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Quantum-dot-tagged microbeads for multiplexed optical coding of biomolecules


Multicolor optical coding for biological assays has been achieved by embedding different-sized quantum dots (zinc sulfide–capped cadmium selenide nanocrystals) into polymeric microbeads at precisely controlled ratios. Their novel optical properties (e.g., size-tunable emission and simultaneous excitation) render these highly luminescent quantum dots (QDs) ideal fluorophores for wavelength-and-intensity multiplexing. The use of 10 intensity levels and 6 colors could theoretically code one million nucleic acid or protein sequences. Imaging and spectroscopic measurements indicate that the QD-tagged beads are highly uniform and reproducible, yielding bead identification accuracies as high as 99.99% under favorable conditions. DNA hybridization studies demonstrate that the coding and target signals can be simultaneously read at the single-bead level. This spectral coding technology is expected to open new opportunities in gene expression studies, high-throughput screening, and medical diagnostics.

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Figure 1: (A) Schematic illustration of optical coding based on wavelength and intensity multiplexing.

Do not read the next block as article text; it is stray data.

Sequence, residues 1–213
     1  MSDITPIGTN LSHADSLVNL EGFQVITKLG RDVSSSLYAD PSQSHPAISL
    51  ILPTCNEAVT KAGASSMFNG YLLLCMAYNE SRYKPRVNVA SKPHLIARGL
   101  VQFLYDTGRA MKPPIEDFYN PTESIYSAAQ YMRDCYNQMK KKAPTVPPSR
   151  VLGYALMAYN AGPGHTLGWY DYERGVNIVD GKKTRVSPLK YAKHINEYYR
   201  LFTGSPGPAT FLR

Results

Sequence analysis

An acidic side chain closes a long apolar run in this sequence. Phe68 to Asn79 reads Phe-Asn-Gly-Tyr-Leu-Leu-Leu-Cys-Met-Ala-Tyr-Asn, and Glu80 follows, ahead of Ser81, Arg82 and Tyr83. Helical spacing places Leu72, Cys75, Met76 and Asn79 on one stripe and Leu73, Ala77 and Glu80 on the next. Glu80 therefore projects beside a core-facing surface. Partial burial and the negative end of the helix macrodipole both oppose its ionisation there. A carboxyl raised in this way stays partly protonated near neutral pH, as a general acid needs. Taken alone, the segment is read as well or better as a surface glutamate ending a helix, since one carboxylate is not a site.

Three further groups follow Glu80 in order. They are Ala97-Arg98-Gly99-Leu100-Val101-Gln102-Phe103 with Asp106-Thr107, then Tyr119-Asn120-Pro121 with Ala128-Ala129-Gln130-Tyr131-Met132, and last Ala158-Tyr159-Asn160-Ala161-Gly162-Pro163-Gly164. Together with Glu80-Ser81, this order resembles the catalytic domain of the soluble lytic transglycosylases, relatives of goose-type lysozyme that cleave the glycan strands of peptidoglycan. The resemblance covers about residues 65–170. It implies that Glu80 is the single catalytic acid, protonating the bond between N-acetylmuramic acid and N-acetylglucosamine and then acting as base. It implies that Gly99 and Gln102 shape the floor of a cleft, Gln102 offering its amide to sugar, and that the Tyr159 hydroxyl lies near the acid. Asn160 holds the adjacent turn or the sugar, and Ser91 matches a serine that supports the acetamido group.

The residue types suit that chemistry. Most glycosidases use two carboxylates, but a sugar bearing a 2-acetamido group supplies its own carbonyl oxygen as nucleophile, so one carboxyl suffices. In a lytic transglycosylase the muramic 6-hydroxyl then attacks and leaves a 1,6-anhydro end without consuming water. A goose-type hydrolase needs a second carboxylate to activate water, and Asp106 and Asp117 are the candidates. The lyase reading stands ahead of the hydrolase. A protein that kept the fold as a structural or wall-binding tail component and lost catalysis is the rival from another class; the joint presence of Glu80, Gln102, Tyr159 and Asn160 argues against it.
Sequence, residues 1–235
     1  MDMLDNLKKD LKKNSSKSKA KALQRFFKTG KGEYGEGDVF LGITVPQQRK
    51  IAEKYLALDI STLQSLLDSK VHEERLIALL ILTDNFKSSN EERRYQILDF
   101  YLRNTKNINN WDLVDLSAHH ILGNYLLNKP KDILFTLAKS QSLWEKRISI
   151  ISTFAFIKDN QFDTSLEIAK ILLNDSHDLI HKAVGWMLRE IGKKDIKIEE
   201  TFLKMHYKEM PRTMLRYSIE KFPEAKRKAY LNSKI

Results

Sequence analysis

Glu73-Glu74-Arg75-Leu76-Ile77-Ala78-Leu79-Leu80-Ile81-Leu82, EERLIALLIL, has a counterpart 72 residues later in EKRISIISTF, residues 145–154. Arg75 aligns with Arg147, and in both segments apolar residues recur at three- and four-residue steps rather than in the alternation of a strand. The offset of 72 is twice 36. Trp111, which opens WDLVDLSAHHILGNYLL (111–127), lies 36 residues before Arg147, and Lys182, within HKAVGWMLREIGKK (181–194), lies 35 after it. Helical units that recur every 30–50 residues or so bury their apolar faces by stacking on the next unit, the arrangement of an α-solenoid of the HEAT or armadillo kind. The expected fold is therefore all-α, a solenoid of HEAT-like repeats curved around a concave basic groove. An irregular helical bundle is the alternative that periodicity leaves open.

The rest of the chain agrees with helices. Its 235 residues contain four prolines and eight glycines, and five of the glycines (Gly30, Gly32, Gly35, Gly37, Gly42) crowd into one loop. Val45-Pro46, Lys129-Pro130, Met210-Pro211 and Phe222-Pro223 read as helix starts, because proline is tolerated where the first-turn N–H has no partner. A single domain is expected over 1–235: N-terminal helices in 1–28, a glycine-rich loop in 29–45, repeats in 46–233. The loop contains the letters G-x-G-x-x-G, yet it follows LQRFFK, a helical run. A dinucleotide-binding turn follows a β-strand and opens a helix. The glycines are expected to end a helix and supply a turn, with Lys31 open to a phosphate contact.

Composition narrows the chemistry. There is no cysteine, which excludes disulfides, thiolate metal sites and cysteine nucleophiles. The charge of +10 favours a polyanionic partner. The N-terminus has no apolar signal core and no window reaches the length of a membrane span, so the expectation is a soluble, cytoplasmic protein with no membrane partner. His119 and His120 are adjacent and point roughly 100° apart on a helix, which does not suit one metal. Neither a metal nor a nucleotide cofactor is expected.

Figure 2: Fluorescence micrograph of a mixture of CdSe/ZnS QD-tagged beads emitting single-color signals at 484, 508, 547, 575, and 611 nm.
Figure 3: Quantitative analysis of single-bead signal intensities, uniformity and reproducibility of QD incorporation.
Figure 4: Multicolor QD-tagged beads with precisely controlled fluorescence intensities.
Figure 5: Schematic illustration of DNA hybridization assays using QD-tagged beads.
Figure 6: DNA hybridization assays using multicolor encoded beads.


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We are grateful to Warren C.-W. Chan for help in quantum dot synthesis and for stimulating discussions. This work was supported in part by the National Institutes of Health and the Department of Energy. S.N. acknowledges the Whitaker Foundation for a Biomedical Engineering Award and the Beckman Foundation for a Beckman Young Investigator Award.

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Correspondence to Shuming Nie.

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Han, M., Gao, X., Su, J. et al. Quantum-dot-tagged microbeads for multiplexed optical coding of biomolecules. Nat Biotechnol 19, 631–635 (2001).

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